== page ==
Have you done that? Have you responded to God and asked him to forgive you of your sins and asked JESUS to be the Lord (Leader) of your life? YOU can do that right now. Tell someone if you do.

Paul is so confident that he has been made right with God through what Jesus has done that he is willing to die for his faith in Christ. He knows that just like Jesus was raised from the dead, so he too will be raised from the dead one day as well. He doesn’t know when He’ll die, or what method, that’s why he says “by any means possible” but he’s confident of one thing, He will be raised from the dead in the resurrection.

3 Questions About Healing and the Kingdom

jesus-heals1 So I guess it is only fair for me to admit my biases up front when it comes to “healing.”  My Theological Assumption: I would like to clearly state that I do believe that God does choose to heal and even miraculously heal certain people at certain times.  My Cultural Assumption: I would also like to state that I believe that many Americans neglect  a healthy understanding of the miraculous and supernatural because of an over dependence on a skeptical mind (how arrogant to assume that all cultures that hold to a supernatural world are living in ignorance).  My Experiential Assumption: I have several friends who despite great prayers and great faith have never experience a divine healing miraculous or otherwise.  They were asked to stand up out of their chairs or extend forth their lame hands all to no avail.  Many were accused of not having enough faith.

3 Questions About Healing and the Kingdom

So all of this arises out of the need to get something right in my mind.  A few times now I have been in a situation where a group of folks will get together with the idea to share Christ with the lost world and a brother of mine will stand up and start talking about healing. Usually when this happens they direct my attention to Isaiah 53:5 (By his stripes we are healed) gloss over the whole sacrifice part of the passage and ask if anyone wants to be healed.  The gospel seems to be diminished or passed over by the desire to display a powerful sign of healing.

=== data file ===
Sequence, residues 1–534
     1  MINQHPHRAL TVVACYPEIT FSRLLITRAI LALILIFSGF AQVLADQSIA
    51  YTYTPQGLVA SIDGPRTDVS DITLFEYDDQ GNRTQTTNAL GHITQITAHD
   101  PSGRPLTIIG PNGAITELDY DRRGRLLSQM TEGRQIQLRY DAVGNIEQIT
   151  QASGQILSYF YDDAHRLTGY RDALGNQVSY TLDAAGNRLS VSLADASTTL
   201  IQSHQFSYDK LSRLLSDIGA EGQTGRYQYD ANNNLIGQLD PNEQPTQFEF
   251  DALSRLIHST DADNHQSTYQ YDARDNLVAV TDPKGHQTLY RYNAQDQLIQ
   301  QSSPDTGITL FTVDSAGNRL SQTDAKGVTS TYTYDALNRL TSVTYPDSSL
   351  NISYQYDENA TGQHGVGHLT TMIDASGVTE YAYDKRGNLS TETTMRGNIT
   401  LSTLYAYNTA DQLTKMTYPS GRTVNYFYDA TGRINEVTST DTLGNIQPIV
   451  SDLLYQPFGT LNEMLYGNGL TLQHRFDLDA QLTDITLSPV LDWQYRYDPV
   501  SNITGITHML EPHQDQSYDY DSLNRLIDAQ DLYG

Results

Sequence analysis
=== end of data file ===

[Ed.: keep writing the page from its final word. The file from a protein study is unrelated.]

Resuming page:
I understand  that while in the midst of preaching the kingdom Jesus healed people. In many instances healing and preaching the kingdom were hand in hand and almost inseparable (Matt 4:23, 9:35, 10:7-8, Luke 9:11 and especially Luke 10:9).  Jesus demonstrates that the kingdom is coming by healing and showing us what the kingdom will be like (there will be no sickness or death).  This proves not only to authenticate his message, but help us to visualize what it would look like to live under the rule and reign of such a benevolent king.

Yet at the heart of what I generally observe when I hear healing preached is not an announcing of the Kingdom of God, but a statement that God wants you healthy and wealthy. Then some take it so far as to say that if you lack health or wealth you have no faith.  I often wonder if such people have searched the scriptures enough to develop and understand a theology of suffering.

So here are my questions…

. . . . . . . . .

  • Is there a connection between healing and the kingdom of God?
  • Does your theology of healing allow for a theology of suffering? If so how?
  • Does miraculous healing still happen today?